Friday, November 16th | 8 Kislev 5779

Subscribe
March 16, 2018 9:14 am

New Book About Halacha Is Exciting and Invigorating

avatar by Laura Ben-David

Email a copy of "New Book About Halacha Is Exciting and Invigorating" to a friend

A Torah scroll. Photo: RabbiSacks.org

Rabbi Nathan Lopes Cardozo developed his philosophy on Halacha — Jewish law — over many years. His views on the subject include what he sees as problems in Halacha, what should be changed — and how it can be changed. His is a unique perspective of problems that exist with Halacha. And — more importantly and impressively — he has the courage to do something about it.

In Jewish Law as Rebellion: A Plea for Religious Authenticity and Halachic Courage, Cardozo makes no bones about his deep concerns, as he seeks to provoke, disturb and even annoy people out of their complacency about Jewish law. Instead, he urges a return of authentic religiosity.

Just seeing the title — “Jewish Law as a Rebellion” — got my rebellious spirit intrigued. I wanted to know exactly what was written between those covers. The impressive volume consists of numerous essays organized by theme, which grip the reader from the first page.

Rabbi Cardozo is known to speak about the lack of courage in rabbinic and Halachic leadership. Throughout the book, he courageously tackles the complacency and stagnation that he claims must be addressed to save Jews from themselves.

Related coverage

November 16, 2018 10:39 am
0

How Hamas Wins

Hamas wins. That’s the worst sentence to write. When this happens, the people of the Gaza Strip lose and the...

As Cardozo posits, the very purpose of Halacha is to disturb people — to wake them up. Yet somehow, over the years, Orthodox Jewish people, in particular, have begun to live by conformity, without truly thinking about their actions.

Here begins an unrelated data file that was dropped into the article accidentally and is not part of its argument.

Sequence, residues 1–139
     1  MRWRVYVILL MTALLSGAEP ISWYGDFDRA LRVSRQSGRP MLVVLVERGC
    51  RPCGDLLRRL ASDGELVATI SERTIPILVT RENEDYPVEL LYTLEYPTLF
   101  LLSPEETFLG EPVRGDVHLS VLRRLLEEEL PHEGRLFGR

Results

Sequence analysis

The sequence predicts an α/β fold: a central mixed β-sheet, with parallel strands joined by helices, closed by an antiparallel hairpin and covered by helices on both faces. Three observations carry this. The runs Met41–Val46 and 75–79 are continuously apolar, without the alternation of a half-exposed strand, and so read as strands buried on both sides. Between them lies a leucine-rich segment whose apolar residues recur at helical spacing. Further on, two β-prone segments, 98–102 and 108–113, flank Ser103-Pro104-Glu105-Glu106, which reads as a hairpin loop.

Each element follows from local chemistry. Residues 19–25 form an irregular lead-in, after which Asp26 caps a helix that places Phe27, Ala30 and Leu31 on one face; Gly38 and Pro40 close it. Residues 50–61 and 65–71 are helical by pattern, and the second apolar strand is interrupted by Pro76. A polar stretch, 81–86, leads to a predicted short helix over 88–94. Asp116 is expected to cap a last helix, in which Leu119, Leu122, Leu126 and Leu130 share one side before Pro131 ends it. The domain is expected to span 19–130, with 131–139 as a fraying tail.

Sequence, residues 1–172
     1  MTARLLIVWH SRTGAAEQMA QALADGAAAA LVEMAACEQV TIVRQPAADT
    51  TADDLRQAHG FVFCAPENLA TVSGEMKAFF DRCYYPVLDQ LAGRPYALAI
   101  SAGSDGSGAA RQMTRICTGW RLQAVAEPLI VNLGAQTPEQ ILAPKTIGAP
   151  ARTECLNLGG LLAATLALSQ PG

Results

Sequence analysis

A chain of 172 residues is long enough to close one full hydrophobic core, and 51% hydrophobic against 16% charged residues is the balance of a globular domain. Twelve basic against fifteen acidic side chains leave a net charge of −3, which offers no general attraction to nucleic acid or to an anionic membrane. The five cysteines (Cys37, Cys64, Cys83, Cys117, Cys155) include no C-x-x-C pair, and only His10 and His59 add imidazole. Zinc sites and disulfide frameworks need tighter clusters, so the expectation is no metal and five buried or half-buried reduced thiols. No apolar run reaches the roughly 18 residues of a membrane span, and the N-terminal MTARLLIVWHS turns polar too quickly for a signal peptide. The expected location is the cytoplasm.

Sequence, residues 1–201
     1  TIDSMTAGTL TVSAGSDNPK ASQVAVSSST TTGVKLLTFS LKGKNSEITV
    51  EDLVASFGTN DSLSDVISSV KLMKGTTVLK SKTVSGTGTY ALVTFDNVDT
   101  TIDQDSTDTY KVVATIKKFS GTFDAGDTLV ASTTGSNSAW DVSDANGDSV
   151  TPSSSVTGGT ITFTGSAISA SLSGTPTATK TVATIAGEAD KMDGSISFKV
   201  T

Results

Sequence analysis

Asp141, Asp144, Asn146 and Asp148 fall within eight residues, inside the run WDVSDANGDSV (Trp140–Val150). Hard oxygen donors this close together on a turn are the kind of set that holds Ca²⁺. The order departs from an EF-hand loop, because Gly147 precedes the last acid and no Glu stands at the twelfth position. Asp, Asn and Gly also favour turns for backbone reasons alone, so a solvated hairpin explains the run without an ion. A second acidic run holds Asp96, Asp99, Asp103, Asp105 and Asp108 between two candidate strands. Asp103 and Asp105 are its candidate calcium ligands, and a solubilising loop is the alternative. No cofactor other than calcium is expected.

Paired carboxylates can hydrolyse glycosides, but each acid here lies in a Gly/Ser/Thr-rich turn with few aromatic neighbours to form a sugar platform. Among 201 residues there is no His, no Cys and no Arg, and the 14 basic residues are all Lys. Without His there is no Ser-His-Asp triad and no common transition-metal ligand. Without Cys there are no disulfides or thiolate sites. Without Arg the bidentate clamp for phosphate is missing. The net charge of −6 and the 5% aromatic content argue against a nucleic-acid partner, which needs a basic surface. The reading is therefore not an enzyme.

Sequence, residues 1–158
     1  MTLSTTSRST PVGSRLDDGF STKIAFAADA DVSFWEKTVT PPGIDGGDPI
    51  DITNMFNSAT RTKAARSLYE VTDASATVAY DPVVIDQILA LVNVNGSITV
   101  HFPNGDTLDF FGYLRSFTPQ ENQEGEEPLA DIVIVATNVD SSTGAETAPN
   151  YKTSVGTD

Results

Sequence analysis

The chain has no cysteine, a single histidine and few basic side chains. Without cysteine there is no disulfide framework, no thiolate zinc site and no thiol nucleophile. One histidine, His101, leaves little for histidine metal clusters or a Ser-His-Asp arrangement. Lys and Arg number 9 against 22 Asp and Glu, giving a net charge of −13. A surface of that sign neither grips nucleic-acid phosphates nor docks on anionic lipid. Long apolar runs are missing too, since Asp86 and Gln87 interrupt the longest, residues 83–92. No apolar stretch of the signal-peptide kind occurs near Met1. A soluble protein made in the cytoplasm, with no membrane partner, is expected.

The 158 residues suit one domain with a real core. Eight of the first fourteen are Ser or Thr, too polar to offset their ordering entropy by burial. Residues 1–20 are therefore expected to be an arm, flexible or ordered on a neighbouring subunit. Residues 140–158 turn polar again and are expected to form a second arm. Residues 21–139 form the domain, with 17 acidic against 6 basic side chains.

Halacha developed over the millennia of exile. We were a minority wherever we resided, and Halacha evolved as a literal way to protect us as a people. Conformity was enforced, and veritable walls were erected to prevent assimilation.

In modern times, Cardozo postulates, with the State of Israel, things are different. We need to get out from our enforced isolation, and to prevent our own stagnation by going back to the original sources. We need to re-evaluate rabbinic law that is no longer doing what it was designated for — and re-evaluate what we want it to achieve.

Cardozo likens the Torah to the masterful score of a unique symphony, and he says that every Jew is a musician: “We have been given the notes and it is left to us to bring them alive. … Sticking to the notes on the sheet might prove difficult, but in the end, it is the only way to make real music.”

Rather than see this analogy as restrictive, Cardozo understands it to be “the release of the most robust creativity.” After all, like any musician knows, the notes are anything but a burden; rather, they are a guide.

Cardozo fervently believes that all Jews must work together to overcome disagreements — not just different streams of Orthodoxy, but Reform and Conservative as well. And Rabbi Cardozo thinks we can solve the supposed “disagreements” among these sects.

This seems contradictory. In fact, some of Cardozo’s own essays contained in this one work are contradictory to each other. He has no problem with this, stating that every idea within Halacha itself is multifaceted — filled with contradictions, opposing opinions and unsolvable paradoxes.

There are rabbis who shun Cardozo’s work, suggesting that it is heretical and will even push people away. They’re wrong. As Cardozo writes: “Either our youth walk out on or maintain a lukewarm relationship with Jewish observance, or they become so obsessed with its finest points that they are incapable of seeing the forest from the trees and they consequently turn into rigid religious extremists.”

He’s right. I’ve seen those youths. I’ve been one of those youths. Judaism has been desperate for solutions for so long, yet most are afraid to even ask the right questions.

In the book, Cardozo writes: “What has been entirely forgotten is that the Torah was the first rebellious text to appear in world history. Its purpose was to protest. It set in motion a rebel movement of cosmic proportions, the likes of which we have never known.”

These are the words of a rabbi who isn’t afraid to buck the trends and speak his mind — while remaining fiercely committed to Torah.

Why was I excited about this book? Because it is a book on Halacha that made me think, and woke up my Jewish soul. He must be doing something right.

The opinions presented by Algemeiner bloggers are solely theirs and do not represent those of The Algemeiner, its publishers or editors. If you would like to share your views with a blog post on The Algemeiner, please be in touch through our Contact page.

Share this Story: Share On Facebook Share On Twitter Email This Article

Let your voice be heard!

Join the Algemeiner

Algemeiner.com